Every journalist’s dream is to get an interview with the Devil. Yesterday I had the chance to meet Lucifer, even if he was a fictional version. There were no black suits, evil horns, spiky tail or charred smells. Modernly dressed in an olive suit, lost in the sofa’s depths, there he was. He stood up slowly when he saw me. “Mortensen, Viggo Mortensen,” he said to me while firmly extending his hand.
The Devil is named Viggo Mortensen, he was born in New York and is of Danish descent. He isn’t just any Lucifer, he’s The Prophecy’s particular demon, a recently premiered movie that tells of the difficulties of a heavenly war being fought on Earth. A group of angels, led by the archangel Gabriel, played by Christopher Walken, have rebelled against the supreme power, possessed by an unstoppable jealousy of the human race. Humans have been enjoying a growing amount of attention by “those upstairs” for quite a while. Considering this state of affairs, the presence of a representative from Hell was inevitable. Lucifer comes into action to turn the outcome of this battle in his favor. If humans confront the rebellious angels, they won’t be able to create a second Hell, which would evidently rob Satan of his clients.
Surrounded by a dry atmosphere that won’t allow the least funny comment, we start the conversation. The first thing that surprises me is the perfect Spanish spoken by Viggo Mortensen. “I lived about ten years in Argentina,” he tells me while smiling contentedly, aware of how surprised I am. Viggo is a curious character, his gestures are slow and you get the impression that he has difficulty breathing. His tone of voice is inaudible, as if he were afraid that part of himself would escape when speaking. It’s evident that Lucifer is a bad guy, but he’s not the only one. “We are all a little bit evil,” says Viggo, “but at the same time, everybody is convinced that they are good and aren’t aware of the small residue of evil that they hide.” Not bad, coming from Lucifer himself. “I won’t defend him,” the actor says, referring to the Devil. “I believe in good as well as in evil.”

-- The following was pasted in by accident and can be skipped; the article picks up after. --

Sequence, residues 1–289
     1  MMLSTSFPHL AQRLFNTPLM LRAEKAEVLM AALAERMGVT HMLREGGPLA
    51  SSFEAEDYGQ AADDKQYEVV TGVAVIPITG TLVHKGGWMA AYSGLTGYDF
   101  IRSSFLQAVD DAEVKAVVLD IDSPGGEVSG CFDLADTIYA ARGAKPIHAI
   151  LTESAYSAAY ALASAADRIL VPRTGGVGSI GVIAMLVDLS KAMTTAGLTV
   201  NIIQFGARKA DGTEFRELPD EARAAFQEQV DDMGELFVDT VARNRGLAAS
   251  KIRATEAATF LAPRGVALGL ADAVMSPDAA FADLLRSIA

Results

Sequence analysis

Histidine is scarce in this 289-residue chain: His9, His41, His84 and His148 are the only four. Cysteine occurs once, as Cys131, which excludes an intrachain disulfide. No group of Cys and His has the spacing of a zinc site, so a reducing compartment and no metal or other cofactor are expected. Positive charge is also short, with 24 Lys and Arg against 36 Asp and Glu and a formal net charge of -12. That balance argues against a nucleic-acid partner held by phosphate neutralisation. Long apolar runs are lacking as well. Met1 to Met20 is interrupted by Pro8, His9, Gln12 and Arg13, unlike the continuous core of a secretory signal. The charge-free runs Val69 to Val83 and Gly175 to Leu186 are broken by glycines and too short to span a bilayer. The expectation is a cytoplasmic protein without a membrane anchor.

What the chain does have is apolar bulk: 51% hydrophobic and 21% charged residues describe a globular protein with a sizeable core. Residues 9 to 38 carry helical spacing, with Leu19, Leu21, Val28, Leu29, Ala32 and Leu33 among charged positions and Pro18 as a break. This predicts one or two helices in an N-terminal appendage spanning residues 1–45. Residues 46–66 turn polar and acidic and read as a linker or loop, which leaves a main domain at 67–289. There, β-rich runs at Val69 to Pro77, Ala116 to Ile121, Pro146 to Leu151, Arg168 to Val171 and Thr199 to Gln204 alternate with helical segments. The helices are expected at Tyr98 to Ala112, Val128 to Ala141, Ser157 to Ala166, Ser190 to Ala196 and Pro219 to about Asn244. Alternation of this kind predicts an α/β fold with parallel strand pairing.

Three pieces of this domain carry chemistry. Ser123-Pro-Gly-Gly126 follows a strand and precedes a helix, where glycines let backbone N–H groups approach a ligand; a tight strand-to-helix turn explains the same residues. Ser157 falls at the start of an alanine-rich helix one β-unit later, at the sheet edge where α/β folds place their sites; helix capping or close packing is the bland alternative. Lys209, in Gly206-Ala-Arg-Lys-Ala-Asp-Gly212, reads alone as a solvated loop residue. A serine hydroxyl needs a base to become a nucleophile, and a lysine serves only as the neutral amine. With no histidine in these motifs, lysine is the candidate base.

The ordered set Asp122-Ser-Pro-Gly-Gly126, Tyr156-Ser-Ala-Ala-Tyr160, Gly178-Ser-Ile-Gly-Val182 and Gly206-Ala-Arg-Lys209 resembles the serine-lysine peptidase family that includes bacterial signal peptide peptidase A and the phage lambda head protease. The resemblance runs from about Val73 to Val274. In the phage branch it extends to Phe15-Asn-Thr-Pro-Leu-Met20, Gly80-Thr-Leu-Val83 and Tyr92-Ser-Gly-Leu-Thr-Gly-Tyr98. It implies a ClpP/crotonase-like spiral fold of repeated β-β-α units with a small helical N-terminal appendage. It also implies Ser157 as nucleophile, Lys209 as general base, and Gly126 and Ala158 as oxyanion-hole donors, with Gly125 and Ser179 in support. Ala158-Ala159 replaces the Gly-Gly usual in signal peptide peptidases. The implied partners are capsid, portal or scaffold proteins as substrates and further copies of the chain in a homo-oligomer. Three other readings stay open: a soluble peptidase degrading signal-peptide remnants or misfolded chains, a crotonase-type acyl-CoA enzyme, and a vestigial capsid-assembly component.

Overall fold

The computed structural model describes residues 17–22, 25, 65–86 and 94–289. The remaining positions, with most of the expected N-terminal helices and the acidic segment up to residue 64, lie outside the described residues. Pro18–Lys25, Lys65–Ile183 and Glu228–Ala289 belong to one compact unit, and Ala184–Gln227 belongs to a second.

His participation in this movie was agreed at a moment’s notice. It went all so quickly that he read the script while flying out to Arizona, where the scenes in which Mortensen appears were shot. “I accepted, in part because I had always wanted to work with Christopher Walken,” the actor says while sitting on the sofa’s edge. His face lights up when saying Walken’s name. It’s evident that Christopher Walken is a cult actor for many young actors nowadays. “I would do any movie with him, no matter what [it was].”
Researching and searching the roots of a character is a natural process with actors. “I want to know where he’s coming from, where he was born, if he has a family,” Viggo states after swallowing half a glass of water in one go. The character that concerns us today, Lucifer, the epitome of evil and lord and master of Hell, doesn’t have a definite profile. Even if throughout history there have been many propositions as to how the Devil ought to be physically, none of them have really hit the mark. “That’s why I played the Devil the way I wanted,” says Viggo Mortensen, showing an ear-to-ear smile. “Nobody knows Lucifer, so I played him my way, according to my vision.”